Charities in Scotland have for a long time found themselves trapped in Local Government Pension Schemes struggling to pay contributions and deal with ever increasing balance sheet liabilities while being unable to afford to exit schemes to deal with these issues given an unaffordable cost of exit. At last help may be at hand.
On the 1st November 2021 the Scottish Public Pension Agency (‘SPPA’) launched a consultation on adding additional exit flexibilities to the Scottish LGPS Regulations. These proposed changes replicate those introduced in England & Wales in September 2020 [Covered in BULLETINS 42 and 48].
The new Regulations introduce the concept of the Deferred Debt Agreement (‘DDA’). This would allow schemes to defer any exit payment and to permit the employer to carry on participating in the scheme on an on-going basis, but without any active members. The employer would retain all the same obligations to the scheme with future payments uncertain. However, immediate costs are likely to be lower and therefore much more affordable, allowing employers to better manage the risk of future benefits building up. Valuations would be carried out regularly and contributions adjusted if necessary.
By remaining a part of the scheme the employer would continue to benefit from investment return and favourable member movements which could reduce the ultimate cost of providing the benefits. Clearly however the funding position could be volatile so organisations will need to be able to manage changes in their funding position and therefore contributions.
We have already seen some enlightened Scottish Funds recognise the issue which many charity boards face and pre-empt the change in Regulation by offering employers access to greater exit flexibility but it is none the less good to see these actions formalised in Regulation and therefore available for use across all Scottish schemes.
It is also welcome to see the addition of a provision which will allow any cessation debt calculated to be guaranteed for 90 days. Historically there has been an issue where an exit illustration has been provided but by the time the exiting employer has completed their consultation and actually exited the amount of the deficit has deteriorated so much as to now make the exit unaffordable. This will avoid this issue creating greater certainty for all parties.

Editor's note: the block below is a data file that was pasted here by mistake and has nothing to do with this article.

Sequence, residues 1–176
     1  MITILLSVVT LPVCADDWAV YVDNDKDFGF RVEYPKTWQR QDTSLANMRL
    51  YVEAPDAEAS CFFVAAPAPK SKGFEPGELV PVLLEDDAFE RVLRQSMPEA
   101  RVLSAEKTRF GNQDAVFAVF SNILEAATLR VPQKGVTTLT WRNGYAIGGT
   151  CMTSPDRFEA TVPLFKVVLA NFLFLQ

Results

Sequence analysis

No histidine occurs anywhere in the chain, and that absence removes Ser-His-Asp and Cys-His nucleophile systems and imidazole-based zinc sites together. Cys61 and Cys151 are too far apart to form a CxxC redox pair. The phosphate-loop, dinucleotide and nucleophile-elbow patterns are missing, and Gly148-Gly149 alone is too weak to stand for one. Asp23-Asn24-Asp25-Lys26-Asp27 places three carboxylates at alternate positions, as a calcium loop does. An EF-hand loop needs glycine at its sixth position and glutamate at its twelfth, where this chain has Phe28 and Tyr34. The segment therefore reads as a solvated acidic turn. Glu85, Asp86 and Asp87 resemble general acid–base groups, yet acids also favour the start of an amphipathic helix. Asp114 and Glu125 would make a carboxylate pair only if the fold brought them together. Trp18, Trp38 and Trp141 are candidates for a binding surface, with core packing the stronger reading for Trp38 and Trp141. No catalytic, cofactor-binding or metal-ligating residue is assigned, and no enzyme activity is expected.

The proposed changes also provide funds with flexibility to change contributions mid valuation should employer liabilities change significantly, or if there has been a change in the ability of the employer to pay or where an employer has requested a change.
The consultation also covers proposed changes to early retirement, the benefit underpin enacted in 2015, survivor benefits and the LGPS cost cap.
The consultation closes on 7 January 2022 and once Regulation has been enacted Funds will need to consult with their Fund Actuary to agree their revised practice and incorporate this in their funding strategy statement so it may well be towards the end of Q1 2022 or in to Q2 2022 before everything is fully documented. However, I would expect now that Funds are aware of the contents of the proposed changes they would be prepared to discuss options in advance.
These proposals, along with a number of flexibilities already adopted by Funds, provide charities with an array of choice over how they better manage their LGPS pension liabilities.
I would therefore encourage charities to consider this option with their advisers and engage early with their Fund to explore which options suit them best.